# Weight and kinetic friction relationship

### Static and kinetic friction example (video) | Khan Academy

The coefficient of friction (static or kinetic) is a measure of how difficult Example 1 - A box of mass kg travels at constant velocity down an. The force of friction is a force that resists motion when two objects are in contact. If you look at Some common values of coefficients of kinetic and static friction. To determine the coefficient of kinetic friction between two selected surfaces by To cause motion, you need to slightly increase m, the hanging mass, by

In some places, especially Alaska in the winter, you must keep friction in your mind constantly as you drive, in order to avoid an accident.

You have to limit your speed in order to be able to stop at a reasonable distance, and to negotiate curves. This is why the two second rule "travel at a speed so that two seconds pass between the moment the car in front of you passes a landmark and the moment you pass the same landmark" is not valid for high speeds; your stopping distance increases exponentially as you go faster.

A higher coefficient of friction decreases your stopping distance. It is better, therefore, for your tire to be using static friction rather than kinetic friction.

If the tire is rolling along so that the surface touching the ground is never sliding, then static friction is acting to slow the car. If the wheels are locked and sliding, then kinetic friction is acting to slow the car.

In order to utilize static friction when you need to stop quickly, there are several options.

- Static and kinetic friction example
- Relationship between friction and weight

You can attempt to apply just enough brake to stay within the static range of friction and not too much to lock the tires.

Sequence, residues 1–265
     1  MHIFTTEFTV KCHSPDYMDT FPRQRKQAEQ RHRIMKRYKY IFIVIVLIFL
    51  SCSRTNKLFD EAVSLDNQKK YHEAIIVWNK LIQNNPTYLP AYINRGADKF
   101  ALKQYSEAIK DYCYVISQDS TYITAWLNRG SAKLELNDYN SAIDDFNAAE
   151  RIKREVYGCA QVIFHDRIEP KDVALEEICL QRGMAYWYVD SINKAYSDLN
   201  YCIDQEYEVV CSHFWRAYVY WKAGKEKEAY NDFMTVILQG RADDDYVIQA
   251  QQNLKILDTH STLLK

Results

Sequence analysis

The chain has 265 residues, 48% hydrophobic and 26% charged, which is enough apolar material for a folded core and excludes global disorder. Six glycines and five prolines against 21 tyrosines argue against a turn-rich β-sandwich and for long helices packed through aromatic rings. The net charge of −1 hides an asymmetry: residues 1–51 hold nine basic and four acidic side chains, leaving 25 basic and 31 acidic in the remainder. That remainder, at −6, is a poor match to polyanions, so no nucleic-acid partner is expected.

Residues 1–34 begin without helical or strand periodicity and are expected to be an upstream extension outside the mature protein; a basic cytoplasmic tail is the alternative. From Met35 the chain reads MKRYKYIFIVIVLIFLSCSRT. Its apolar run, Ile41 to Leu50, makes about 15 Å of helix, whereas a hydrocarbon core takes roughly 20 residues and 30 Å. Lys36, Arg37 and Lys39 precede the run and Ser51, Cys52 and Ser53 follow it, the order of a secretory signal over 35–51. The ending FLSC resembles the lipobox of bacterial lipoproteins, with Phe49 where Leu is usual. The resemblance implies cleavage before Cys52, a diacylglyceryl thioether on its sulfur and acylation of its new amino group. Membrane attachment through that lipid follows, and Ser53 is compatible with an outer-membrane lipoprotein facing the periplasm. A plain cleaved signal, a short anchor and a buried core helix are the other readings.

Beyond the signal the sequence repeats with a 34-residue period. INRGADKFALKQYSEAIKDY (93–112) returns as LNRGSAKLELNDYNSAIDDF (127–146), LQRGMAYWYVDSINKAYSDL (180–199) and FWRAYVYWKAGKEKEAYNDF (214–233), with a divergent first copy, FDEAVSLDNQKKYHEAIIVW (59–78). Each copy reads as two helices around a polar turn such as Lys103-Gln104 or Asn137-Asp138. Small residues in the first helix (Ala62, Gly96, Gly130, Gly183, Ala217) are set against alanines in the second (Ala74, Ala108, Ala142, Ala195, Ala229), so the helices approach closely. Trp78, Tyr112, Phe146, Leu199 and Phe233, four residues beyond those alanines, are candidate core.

This is the best option, in terms of stopping you the quickest, but it can be difficult to be that precise with the brake. It can be especially difficult if you are about to hit a moose.

Another option is pumping the brake, which has the effect of alternating the use of kinetic and static friction as the wheels lock and unlock.

The box is moving at a constant velocity, so that means the acceleration is zero. Solving for the kinetic force of friction gives: The coefficient of kinetic friction can be found from the normal force and the frictional force: This is actually a relatively large value for the coefficient, so it's not easy to move this box along this ramp.

Example 2 Consider another example involving an inclined plane, only this time there will be two boxes involved.

This is quite a challenging example, so don't be too intimidated if it looks tricky. Start by seeing if you agree with the free-body diagrams; if you understand those, you've made an important step in learning some physics.

Box 1, a wooden box, has a mass of 8. Box 2, a cardboard box, sits on top of box 1. It has a mass of 1.

### Kinetic Friction Formula

The coefficient of kinetic friction between the two boxes is 0. The two boxes are linked by a rope which passes over a pulley at the top of the incline, as shown in the diagram. The inclined plane is at an angle of What is the acceleration of each box?

The diagram for the situation looks like this: The next step is to draw a free-body diagram of each box in turn. To draw these, it helps to think about which way the boxes will accelerate. The two boxes are tied together, and the heavier box will win The pulley, by the way, simply changes the direction of the tension force.

### Static & Kinetic Friction

We're assuming that the pulley is massless and frictionless, so both boxes feel the same tension force. It's important to know the direction of the acceleration or, if you don't know, to guess and apply what you figured out or your guess consistently to both boxes. The free-body diagram of box 1 is relatively complicated, with a total of 6 forces appearing.

The free-body diagram for box 2 is a little easier to deal with, having 4 forces, so that's a good place to start.

## Kinetic Friction Formula

For box 2 - start by summing the forces in the y-direction, where there is no acceleration: This can be solved to give the normal force: Now find the net force in the x direction, where there is an acceleration up the slope: There are two unknowns in this equation, the tension T and ax, the acceleration. We can at least solve for T in terms of ax, like this: Now move on to box 1. Going back to the free-body diagram and summing forces in the y-direction gives: This equation can be solved to give the normal force associated with the interaction between the inclined plane and box 1: Things are a little more complicated in the x-direction, but adding up the forces gives: Moving the acceleration terms to the left side gives: